Film has a distinct advantage over digital when it comes to grain: it's the only natural way to achieve it. Digital cameras are great at producing noise, but it's just not the same as grain. I'm in love with it — and I actually attempt to reproduce it in my digital photos when the occasion calls. If you need a refresher on when that might be, check out an article I wrote for Antoine called “Going With The Grain“.
The technique outlined below is intended to be a starting point for applying additional grain to a photo. I'll be using a section of the photo above to illustrate the method. It tends to work well with black & whites (especially those shot at a high ISO) and cross processed photos. You can follow along or download the Photoshop Action below. Either way, you'll probably have to tweak the results to get it looking just right.
Note that this action set contains all the previous Photoshop techniques I've covered in addition to the film grain technique. For help with using these techniques, check my Photoshop Tips archive.
1. CREATE AN EMPTY LAYER AND FILL IT
All of our noise will be non-destructive, so we need a new empty layer on top of the stack (Shift+Ctrl+Alt+N). Then we want to fill that layer with 50% gray (Shift+Backspace) — leave the blending mode set to Normal and the opacity at 100%. Now you should be looking at a gray screen. Wonderful.
2. INITIAL LAYER SETTINGS
I like to do these steps early in the game because it allows me to “see” how the grain is looking as I go through the rest of the steps, but you could just as easily do this at the very end. First, set the blending mode to “Overlay” — light tones get lighter, dark tones get darker — so 50% gray will cause nothing to happen (so you should see the original image again). When we add the grain, the dark spots will darken the shadows on image below while the light spots will lighten the highlights, while preserving the colors of the original image.
At this point, I also like to set my opacity to 65% and my fill to 70% — this will help soften up the effect once we apply the grain. If you use this at 100% opacities, you'll end up with very harsh grain. If you go down below 70%, you'll get a very light grain. These two settings are very important to achieving natural looking grain, and I'd suggest that you experiment with these values after the grain is applied.
3. BRING IN THE NOISE
Now it's time to start making things look different on our photo. We'll add some noise to the gray layer (Filter >> Noise >> Add Noise…), but don't freak out when it looks really bad at first. I like to add Monochromatic Gaussian noise with a value of 50% — this gives pretty good hard edges between the whites and the blacks, but there's still some transition between the two. What you should see in your preview is a really bad looking attempt at grain. It's going to be very blocky and un-grainlike. You MUST use the monochromatic option if you want grain instead of digital noise (and all the colors that go with it. You could also try using the Uniform Distribution — I find that it tends to create smaller grains, while Gaussian creates larger grains.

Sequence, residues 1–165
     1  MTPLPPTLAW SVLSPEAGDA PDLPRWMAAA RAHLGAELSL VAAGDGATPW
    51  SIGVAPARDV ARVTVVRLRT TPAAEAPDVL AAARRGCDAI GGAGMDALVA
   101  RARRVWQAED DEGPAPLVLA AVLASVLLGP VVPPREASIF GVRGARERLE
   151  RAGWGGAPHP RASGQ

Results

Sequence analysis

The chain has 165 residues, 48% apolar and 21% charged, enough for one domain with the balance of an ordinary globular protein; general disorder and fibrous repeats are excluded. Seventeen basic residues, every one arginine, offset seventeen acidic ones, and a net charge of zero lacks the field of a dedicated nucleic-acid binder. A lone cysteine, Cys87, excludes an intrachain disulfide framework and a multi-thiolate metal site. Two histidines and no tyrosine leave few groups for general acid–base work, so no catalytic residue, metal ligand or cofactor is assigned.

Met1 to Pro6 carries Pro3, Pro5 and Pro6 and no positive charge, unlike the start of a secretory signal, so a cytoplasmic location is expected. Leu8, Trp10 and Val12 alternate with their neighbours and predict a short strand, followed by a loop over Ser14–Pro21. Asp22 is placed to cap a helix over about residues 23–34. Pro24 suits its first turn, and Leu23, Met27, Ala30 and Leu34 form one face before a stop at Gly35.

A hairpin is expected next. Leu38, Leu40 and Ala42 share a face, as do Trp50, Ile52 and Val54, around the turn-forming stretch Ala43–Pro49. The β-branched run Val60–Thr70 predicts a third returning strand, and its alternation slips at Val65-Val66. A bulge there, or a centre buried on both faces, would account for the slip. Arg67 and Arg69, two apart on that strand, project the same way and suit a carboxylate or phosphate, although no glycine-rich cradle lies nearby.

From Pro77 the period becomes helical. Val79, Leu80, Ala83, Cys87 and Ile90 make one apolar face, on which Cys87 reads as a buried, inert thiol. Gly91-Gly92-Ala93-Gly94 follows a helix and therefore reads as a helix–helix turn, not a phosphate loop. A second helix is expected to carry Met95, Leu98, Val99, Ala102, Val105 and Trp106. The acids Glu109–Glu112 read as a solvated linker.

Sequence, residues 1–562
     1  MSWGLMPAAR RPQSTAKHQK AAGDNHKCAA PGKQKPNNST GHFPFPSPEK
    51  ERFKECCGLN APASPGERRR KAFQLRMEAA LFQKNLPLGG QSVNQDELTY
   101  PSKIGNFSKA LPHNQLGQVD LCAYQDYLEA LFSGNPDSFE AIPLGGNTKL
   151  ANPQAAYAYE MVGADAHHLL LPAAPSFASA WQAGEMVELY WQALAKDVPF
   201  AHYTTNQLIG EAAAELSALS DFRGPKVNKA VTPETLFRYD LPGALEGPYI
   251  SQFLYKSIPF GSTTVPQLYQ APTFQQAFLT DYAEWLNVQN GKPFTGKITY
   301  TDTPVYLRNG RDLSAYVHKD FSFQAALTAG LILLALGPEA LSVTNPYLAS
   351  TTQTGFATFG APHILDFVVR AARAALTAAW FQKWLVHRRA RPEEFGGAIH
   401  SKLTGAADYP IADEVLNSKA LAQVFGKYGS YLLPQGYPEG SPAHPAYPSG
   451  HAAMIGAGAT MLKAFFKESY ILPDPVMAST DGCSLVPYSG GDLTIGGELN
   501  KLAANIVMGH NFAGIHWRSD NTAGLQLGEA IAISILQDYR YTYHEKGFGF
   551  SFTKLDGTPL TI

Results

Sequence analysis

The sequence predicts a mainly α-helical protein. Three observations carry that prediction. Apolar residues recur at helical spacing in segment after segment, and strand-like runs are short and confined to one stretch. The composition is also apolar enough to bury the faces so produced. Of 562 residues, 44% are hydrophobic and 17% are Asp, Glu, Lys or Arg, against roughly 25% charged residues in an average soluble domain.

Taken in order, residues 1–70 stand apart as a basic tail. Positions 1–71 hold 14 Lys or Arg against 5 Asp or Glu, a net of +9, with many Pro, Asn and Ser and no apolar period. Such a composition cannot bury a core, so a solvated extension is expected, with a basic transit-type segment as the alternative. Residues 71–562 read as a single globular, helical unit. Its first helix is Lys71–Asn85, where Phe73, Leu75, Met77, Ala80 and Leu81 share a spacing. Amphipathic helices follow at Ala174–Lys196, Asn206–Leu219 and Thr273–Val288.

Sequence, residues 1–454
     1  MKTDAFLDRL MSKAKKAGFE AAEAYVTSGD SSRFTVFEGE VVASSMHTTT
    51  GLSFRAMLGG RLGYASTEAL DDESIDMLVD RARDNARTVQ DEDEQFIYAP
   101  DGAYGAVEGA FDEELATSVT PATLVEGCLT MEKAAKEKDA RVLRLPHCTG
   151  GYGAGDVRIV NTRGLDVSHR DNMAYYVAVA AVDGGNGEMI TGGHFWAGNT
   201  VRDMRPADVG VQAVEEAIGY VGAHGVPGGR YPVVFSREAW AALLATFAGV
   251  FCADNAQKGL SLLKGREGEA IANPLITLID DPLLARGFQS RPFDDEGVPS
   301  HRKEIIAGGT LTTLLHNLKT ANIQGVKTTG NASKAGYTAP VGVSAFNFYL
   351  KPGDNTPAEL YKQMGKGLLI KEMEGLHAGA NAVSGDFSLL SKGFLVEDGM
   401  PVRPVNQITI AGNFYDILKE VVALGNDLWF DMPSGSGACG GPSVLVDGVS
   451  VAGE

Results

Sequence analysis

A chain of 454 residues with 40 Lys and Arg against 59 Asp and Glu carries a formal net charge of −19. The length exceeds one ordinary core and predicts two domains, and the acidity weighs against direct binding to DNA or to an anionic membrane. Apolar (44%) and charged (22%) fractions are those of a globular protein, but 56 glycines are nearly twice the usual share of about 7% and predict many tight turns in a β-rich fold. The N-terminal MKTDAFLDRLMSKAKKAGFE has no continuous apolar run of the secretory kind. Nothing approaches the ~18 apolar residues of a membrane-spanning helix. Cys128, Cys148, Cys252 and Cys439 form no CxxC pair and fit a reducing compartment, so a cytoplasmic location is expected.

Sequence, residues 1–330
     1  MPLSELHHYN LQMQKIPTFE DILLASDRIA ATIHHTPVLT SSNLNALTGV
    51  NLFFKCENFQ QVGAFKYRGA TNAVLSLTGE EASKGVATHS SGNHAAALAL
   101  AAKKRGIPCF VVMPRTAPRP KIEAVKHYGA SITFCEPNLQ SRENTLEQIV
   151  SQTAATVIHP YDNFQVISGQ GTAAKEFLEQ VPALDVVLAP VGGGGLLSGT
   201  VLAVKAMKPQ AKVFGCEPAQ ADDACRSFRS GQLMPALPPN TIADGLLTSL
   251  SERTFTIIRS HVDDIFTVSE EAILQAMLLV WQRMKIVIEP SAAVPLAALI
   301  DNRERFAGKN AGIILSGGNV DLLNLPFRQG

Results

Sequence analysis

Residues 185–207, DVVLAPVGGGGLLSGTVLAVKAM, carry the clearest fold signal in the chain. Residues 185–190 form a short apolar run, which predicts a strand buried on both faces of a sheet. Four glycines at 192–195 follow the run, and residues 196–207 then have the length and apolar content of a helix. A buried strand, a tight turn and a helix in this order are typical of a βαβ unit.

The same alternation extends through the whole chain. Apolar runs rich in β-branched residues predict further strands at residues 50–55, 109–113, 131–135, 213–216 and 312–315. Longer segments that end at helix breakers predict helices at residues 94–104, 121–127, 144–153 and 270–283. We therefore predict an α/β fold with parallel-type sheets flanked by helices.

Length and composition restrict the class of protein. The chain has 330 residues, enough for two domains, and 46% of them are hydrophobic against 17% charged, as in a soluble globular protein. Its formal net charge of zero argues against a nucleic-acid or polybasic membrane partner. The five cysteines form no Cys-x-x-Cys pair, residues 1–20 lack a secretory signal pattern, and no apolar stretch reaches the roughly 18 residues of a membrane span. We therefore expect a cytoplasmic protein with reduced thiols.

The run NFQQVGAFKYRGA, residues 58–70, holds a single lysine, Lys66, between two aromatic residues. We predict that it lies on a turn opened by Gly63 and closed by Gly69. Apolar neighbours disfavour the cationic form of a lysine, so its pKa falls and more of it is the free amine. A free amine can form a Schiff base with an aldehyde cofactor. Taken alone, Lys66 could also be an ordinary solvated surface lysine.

If you set your blend mode to Overlay already, you can see how the grain layer affects the image. You should be able to see blocks of lighter and darker spots throughout most of the image. The mid-tones and darker mid-tones tend to show the largest change, while extreme highlights will have almost no change in their appearance.
4. ADD BLUR TO SOFTEN
Now that we've added that terrible noise to the image, we'll back it off and try to get a natural look from it. The easiest way to do this with some amount of control is by using the Gaussian blur (Filter >> Blur >> Gaussian Blur…). I've found that a value of 1.3 pixels tends to work well with the Gaussian noise, but this is definitely another setting you can adjust to your own liking. As you adjust the value, you'll see the main image in Photoshop changing it's appearance — which is why I set the blending mode prior to this step.
Experiment with the blur value and different methods of applying blur. Photoshop offers several ways to add blur, and none of them are necessarily wrong. See what works best for your particular image and taste.
5. FINAL LAYER SETTINGS
If you're happy with the size and edge hardness of the grain, you can now go back to the layer opacity and fill values to find something that meshes well with your particular photo. You can also try a blending mode of “Soft Light” to give a softer… lighter… grain. You might also try some of the other blend modes, but you'll probably have to reduce the opacity WAY down to avoid any kind of bad distortions. Here's a before and after image for you (feed readers will have to visit the site to see the effect).
Like I said, this is just ONE way of creating grain in your images. There are a handful of methods out there, and they all give slightly different results. I use this method most often because it gives me control over many of the layer settings, and it's totally non-destructive so it can be turned off if I change my mind later.
Anybody else out there like to fake the grain? Leave me some links to photos of yours that have fake grain in them — I'd love to check them out!